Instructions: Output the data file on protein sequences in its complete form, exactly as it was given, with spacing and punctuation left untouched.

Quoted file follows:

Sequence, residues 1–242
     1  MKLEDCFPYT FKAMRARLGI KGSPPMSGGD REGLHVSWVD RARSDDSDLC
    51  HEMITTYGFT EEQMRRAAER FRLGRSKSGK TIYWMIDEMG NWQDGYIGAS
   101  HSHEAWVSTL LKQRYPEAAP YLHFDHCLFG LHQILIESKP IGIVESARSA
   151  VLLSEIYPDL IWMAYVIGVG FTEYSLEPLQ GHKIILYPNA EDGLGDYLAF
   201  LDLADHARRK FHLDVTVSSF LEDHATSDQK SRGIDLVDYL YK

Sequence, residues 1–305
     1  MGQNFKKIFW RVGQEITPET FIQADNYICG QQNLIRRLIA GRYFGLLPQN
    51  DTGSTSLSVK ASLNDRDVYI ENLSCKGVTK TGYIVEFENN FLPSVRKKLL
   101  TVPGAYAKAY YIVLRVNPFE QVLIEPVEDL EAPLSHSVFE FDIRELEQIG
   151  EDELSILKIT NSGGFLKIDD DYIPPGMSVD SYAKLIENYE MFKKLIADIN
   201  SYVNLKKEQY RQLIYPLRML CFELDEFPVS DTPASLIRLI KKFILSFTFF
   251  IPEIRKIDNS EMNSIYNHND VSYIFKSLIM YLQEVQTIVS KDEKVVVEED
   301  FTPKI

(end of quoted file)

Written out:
Sequence, residues 1–242
     1  MKLEDCFPYT FKAMRARLGI KGSPPMSGGD REGLHVSWVD RARSDDSDLC
    51  HEMITTYGFT EEQMRRAAER FRLGRSKSGK TIYWMIDEMG NWQDGYIGAS
   101  HSHEAWVSTL LKQRYPEAAP YLHFDHCLFG LHQILIESKP IGIVESARSA
   151  VLLSEIYPDL IWMAYVIGVG FTEYSLEPLQ GHKIILYPNA EDGLGDYLAF
   201  LDLADHARRK FHLDVTVSSF LEDHATSDQK SRGIDLVDYL YK

Sequence, residues 1–305
     1  MGQNFKKIFW RVGQEITPET FIQADNYICG QQNLIRRLIA GRYFGLLPQN
    51  DTGSTSLSVK ASLNDRDVYI ENLSCKGVTK TGYIVEFENN FLPSVRKKLL
   101  TVPGAYAKAY YIVLRVNPFE QVLIEPVEDL EAPLSHSVFE FDIRELEQIG
   151  EDELSILKIT NSGGFLKIDD DYIPPGMSVD SYAKLIENYE MFKKLIADIN
   201  SYVNLKKEQY RQLIYPLRML CFELDEFPVS DTPASLIRLI KKFILSFTFF
   251  IPEIRKIDNS EMNSIYNHND VSYIFKSLIM YLQEVQTIVS KDEKVVVEED
   301  FTPKI